But, maybe that will change, too.
Oh, I sometimes have fun. And I like them, I really do. Love to host them.Hand me a glass of wine or champagne and a few snacks and I’m a happy kitty cat.
But I don’t do well with competing conversations. Part of it’s because I’m a Western girl. The pauses in East Coast conversations go by so fleetingly that, by the time, I’ve heard the opening, someone else has taken the reins and run with the topic. By the time I get a chance, the moment is gone and my comment no longer relevant. It’s like I’m forever running behind the big kids, jumping up and down, shouting wait for me!
It’s a funny thing, because I’m generally an assertive person. I think it’s more that I don’t like competition. I don’t like struggling for the conversational ball. If someone talks over me, I’ll back off rather than fight for it. I easily fall into my preferred writerly habit of listening and putting together the stories behind the people.
It only occurred to me the other day that I have a lifelong pattern of avoiding competition. David and I were talking about our childhoods and how we were both kind of sensitive kids who were shocked to hit the bigger world of school, where people yelled at each other and did mean things. We grew tougher hides over time, but I realized that my dislike of sports (please don’t yell at me because I ducked instead of catching the ball) all the way up to my avoiding the rest of the Pre-Med crowd in college (no, I really don’t want to tell you my grade on that exam) reflect that I don’t like competing.
I’m sure many would say this is a fear of failure.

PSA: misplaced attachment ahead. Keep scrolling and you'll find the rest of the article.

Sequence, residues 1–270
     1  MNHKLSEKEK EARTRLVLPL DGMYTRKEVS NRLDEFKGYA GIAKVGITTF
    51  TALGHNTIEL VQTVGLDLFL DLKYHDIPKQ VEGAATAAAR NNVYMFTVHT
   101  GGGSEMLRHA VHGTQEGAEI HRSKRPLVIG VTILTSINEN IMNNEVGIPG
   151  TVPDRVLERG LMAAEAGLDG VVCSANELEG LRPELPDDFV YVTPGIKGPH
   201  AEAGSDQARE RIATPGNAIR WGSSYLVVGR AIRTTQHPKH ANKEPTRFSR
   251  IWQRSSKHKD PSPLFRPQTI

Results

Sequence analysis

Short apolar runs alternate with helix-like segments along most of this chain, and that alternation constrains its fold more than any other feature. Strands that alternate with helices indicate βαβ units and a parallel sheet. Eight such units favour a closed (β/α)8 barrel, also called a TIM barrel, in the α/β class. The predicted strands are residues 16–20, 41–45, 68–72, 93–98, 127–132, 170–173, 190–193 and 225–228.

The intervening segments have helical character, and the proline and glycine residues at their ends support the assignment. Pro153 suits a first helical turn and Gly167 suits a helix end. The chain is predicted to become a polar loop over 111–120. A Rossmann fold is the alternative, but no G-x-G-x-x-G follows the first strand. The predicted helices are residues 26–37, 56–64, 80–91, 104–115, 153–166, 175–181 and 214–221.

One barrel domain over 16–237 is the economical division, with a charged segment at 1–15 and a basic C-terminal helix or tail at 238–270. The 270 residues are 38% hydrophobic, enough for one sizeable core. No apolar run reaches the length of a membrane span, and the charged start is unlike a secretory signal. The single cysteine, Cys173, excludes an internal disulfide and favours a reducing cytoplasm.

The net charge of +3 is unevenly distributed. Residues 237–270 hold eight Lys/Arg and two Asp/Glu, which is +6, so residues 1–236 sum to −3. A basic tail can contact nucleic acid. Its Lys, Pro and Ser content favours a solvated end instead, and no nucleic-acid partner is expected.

But it feels more like I just don’t like being in the mosh pit.
I’ll hand you the conversational ball before I elbow you in the eye-socket to keep it.
Sometimes the social media world feels like this to me. It’s a great big cocktail party and I love the people I’ve met and the friends I’ve made. The support network is a fundamental part of my life. But sometimes the party gets really loud. Some people are trying to stand in the middle of the room and talk over everyone else. Others are gathering people around them, relentlessly counting how many there are, yanking them back when they try to wander off. Some spend the whole time trying to get people to go off to their private blog-party room. Have you been there yet? Lots of people like it. Go there and see!
I find myself standing on the edges of the room, retreating to the comfort of listening. My mother taught me how to make social conversation by asking people about themselves, but then I sometimes get trapped near the potted plant with the guy who wants to tell me how much money he’s made self-publishing.
I think the trick – as with all parties – is to mingle freely and find the people you want to talk to. I find myself avoiding the loud talkers, the big groups, the ones running around, flailing their hands in the air yelling Look at Me! Look at Meeee!!!! I want people to read my books because they enjoy them, not because I talked them into it. I don’t want my writing to be about competition, any more than I want the rest of my life to be about it.
Yeah, I know this means that the bigger boys, who throw the ball hard and sneer at my timidity will rule the game. This is why the James Frey’s of the world not only get away with their shit, they profit from it. Nice guys might not finish last, but they don’t necessarily finish first either.
Still, what it comes down to me is not that I have a fear of failure, but that I don’t think winning is all it’s cracked up to be. It certainly isn’t worth sacrificing happiness or what I believe to be a generous and loving way to treat other people.
If you want to find me, I’ll be over on the sofa in the corner, sipping my wine.